My Top 5… Music to Write to

Music with lyrics messes me up when writing, so I stick strictly to classical. My current Top 5 albums of Music to Write To are:- ‘Coppélia’ by Delibes [Decca] I’ve just bought this after hearing it on Classic FM while driving in the car. The first track took me straight back to seeing the ballet as a child: something of a coup in 1960s East Yorkshire! ‘The Armed Man’ by Karl Jenkins [EMI Classics] The journey to war, the rhythm of trudging of feet and marching drums, never fails to be poignant. Mozart’s ‘Requiem’ [Deutsche Grammophon] This is the most-played
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Not all books are good

I can’t remember the specific book which caused the epiphany: not all books are good. I grew up devouring books. All books. Any books. From my father’s James Herriot to my mother’s Mary Stewart [This Rough Magic and The Moon-Spinners being particular favourites] via Agatha Christie loaned from the library, Shakespeare and Kingsley Amis at school, EM Forster and Virginia Woolf at university, I read it all. The epiphany of realizing that not all books were good was disappointing, almost a betrayal. A little like the realization that Mendelssohn was not English and that Fingal’s Cave was not in Scotland. No-one warned
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Great opening paragraph… 2

“I was born twice: first, as a baby girl, on a remarkably smogless Detroit day in January of 1960; and then again, as a teenage boy, in an emergency room near Petoskey, Michigan, in August of 1974. Specialized readers may have come across me in Dr Peter Luce’s study, ‘Gender Identity in 5-Alpha-Reductase Pseudohermaphrodites,’ published in the Journal of Pediatric Endocrinology in 1975. Or maybe you’ve seen my photograph in chapter sixteen of the now sadly outdated ‘Genetics and Heredity.’ That’s me on page 578, standing naked beside a height chart with a black box covering my eyes.” ‘Middlesex’ by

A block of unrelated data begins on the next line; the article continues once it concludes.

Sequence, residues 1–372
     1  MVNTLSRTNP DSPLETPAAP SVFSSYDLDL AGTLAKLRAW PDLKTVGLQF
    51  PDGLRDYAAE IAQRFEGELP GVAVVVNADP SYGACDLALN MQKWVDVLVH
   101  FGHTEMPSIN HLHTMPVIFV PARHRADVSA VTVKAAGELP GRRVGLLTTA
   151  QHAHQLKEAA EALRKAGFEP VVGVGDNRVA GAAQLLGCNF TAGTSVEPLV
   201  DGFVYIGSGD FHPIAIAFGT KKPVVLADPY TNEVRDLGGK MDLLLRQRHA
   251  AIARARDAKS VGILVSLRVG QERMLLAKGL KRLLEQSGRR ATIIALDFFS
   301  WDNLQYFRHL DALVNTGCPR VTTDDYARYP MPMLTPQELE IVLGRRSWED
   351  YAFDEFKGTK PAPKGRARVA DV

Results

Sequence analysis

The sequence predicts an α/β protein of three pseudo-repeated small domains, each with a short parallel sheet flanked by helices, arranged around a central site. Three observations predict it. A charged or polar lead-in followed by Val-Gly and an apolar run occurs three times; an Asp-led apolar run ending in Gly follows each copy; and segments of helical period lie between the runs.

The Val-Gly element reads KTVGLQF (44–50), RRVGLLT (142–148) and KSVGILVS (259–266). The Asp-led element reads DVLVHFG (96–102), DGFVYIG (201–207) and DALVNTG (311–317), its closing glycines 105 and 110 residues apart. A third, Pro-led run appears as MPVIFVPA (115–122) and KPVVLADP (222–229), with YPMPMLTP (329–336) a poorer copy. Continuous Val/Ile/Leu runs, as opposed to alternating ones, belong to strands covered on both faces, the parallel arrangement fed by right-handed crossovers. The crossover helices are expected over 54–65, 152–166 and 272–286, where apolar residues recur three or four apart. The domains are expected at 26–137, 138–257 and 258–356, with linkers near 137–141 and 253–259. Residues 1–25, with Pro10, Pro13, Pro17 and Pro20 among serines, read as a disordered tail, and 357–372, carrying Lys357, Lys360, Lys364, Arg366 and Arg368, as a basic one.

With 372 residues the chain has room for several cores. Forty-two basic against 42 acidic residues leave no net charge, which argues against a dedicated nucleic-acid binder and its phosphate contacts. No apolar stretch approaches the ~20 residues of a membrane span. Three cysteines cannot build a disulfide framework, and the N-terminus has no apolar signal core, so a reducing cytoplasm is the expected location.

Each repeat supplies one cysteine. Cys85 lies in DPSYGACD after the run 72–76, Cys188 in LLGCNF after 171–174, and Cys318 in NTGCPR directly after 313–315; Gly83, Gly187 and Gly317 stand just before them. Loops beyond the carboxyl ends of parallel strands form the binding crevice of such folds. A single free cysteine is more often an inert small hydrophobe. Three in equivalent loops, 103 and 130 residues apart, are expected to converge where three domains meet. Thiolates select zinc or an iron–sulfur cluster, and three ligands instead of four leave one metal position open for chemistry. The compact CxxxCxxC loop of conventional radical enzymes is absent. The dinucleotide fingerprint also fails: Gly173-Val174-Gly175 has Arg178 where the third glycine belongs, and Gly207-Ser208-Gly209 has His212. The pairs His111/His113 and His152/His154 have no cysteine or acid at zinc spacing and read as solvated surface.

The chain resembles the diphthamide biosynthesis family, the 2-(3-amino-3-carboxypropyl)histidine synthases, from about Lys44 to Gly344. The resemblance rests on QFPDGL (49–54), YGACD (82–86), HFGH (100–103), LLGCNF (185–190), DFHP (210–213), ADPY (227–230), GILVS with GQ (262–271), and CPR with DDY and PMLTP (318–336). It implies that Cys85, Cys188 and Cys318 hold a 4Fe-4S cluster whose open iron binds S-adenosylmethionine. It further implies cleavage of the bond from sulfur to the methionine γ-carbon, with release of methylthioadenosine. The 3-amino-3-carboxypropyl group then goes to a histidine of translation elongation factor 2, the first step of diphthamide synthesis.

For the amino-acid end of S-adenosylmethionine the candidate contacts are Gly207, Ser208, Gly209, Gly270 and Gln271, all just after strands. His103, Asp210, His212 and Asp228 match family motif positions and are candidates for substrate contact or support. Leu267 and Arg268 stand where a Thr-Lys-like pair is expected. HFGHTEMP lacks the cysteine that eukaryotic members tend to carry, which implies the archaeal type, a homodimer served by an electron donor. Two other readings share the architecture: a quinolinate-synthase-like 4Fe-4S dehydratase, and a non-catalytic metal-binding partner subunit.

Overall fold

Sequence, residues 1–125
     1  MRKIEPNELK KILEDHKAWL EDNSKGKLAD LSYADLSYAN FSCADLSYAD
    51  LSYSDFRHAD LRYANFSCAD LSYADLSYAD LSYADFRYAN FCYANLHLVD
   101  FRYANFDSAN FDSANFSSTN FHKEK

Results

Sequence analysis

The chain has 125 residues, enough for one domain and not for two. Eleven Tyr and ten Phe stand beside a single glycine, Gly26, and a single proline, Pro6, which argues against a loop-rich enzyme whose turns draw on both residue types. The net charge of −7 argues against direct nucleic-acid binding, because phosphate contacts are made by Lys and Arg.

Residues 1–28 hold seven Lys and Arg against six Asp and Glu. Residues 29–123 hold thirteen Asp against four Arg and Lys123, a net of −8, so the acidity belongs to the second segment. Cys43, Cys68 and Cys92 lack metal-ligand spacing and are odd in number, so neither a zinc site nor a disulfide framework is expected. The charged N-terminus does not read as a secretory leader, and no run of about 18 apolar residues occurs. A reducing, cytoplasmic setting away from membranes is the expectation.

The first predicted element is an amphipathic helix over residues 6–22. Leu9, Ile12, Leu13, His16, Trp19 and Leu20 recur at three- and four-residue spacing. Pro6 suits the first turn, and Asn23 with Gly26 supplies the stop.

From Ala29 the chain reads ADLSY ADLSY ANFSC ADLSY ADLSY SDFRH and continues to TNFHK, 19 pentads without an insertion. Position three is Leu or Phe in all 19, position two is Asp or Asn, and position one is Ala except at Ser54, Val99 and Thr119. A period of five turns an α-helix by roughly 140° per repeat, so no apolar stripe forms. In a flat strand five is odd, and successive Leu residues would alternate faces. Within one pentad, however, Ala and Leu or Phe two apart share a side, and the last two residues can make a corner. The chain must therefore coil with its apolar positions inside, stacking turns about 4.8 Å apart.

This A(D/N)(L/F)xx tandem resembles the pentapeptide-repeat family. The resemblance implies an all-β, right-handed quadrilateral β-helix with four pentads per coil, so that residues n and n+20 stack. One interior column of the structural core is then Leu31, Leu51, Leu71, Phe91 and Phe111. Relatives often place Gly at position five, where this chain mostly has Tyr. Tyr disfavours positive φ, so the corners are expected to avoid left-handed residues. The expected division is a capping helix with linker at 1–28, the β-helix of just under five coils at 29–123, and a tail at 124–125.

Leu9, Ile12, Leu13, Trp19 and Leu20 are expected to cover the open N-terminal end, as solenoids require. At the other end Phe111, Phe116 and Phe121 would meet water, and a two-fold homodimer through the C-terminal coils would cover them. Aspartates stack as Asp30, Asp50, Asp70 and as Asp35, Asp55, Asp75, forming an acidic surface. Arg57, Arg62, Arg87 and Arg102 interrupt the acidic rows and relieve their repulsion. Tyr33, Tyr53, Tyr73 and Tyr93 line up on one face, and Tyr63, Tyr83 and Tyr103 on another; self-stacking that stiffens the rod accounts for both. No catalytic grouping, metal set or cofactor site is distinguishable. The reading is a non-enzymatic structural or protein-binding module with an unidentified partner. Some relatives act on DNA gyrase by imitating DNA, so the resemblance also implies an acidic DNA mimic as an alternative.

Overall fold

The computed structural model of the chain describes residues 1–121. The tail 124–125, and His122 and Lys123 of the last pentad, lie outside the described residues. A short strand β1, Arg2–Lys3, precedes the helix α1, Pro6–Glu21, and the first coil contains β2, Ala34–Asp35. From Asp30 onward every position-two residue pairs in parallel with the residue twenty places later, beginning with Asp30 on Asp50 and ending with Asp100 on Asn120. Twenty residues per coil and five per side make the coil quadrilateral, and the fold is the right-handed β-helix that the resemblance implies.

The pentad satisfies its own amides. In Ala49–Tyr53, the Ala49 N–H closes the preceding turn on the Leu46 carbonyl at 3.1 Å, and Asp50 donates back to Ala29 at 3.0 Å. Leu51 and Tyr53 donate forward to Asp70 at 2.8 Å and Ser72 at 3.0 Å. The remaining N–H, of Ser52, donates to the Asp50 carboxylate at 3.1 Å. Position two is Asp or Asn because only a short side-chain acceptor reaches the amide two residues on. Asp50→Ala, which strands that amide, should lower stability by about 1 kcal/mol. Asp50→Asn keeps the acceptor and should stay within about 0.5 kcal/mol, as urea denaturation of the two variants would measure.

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‘Clap Your Hands if You Believe’, a short story

The sign on the door says ‘Miss T Bell – Consultant’. I pour the third of the four glasses of wine required for courage before I go on stage, then hide the glass at a knock on the door. “Yes?” “Miss Bell, can we come in?” I wave them in and three members of the chorus settle on the couch in my dressing room, tidying the beech leaves of their skirts. “What do you want?” “I’ve read that all fairies were angels in another life,” says the petite blonde. “But Celandine over there has read that fairies are spirits trapped
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Book review: All Points North

For me, as a Yorkshirewoman, there are many laugh-out-loud moments in All Points North by Simon Armitage and other moments which make me feel fond of my home county. But the piece that stayed with me longest was the page on ‘Writing’. Writing, he says, is “a form of disappearance. Burglars watching the house from outside for four or five hours would think it empty. There isn’t another human activity which combines stillness and silence with so much energy.” I know exactly what he means. I will be upstairs in my attic study, writing all day, my husband out, my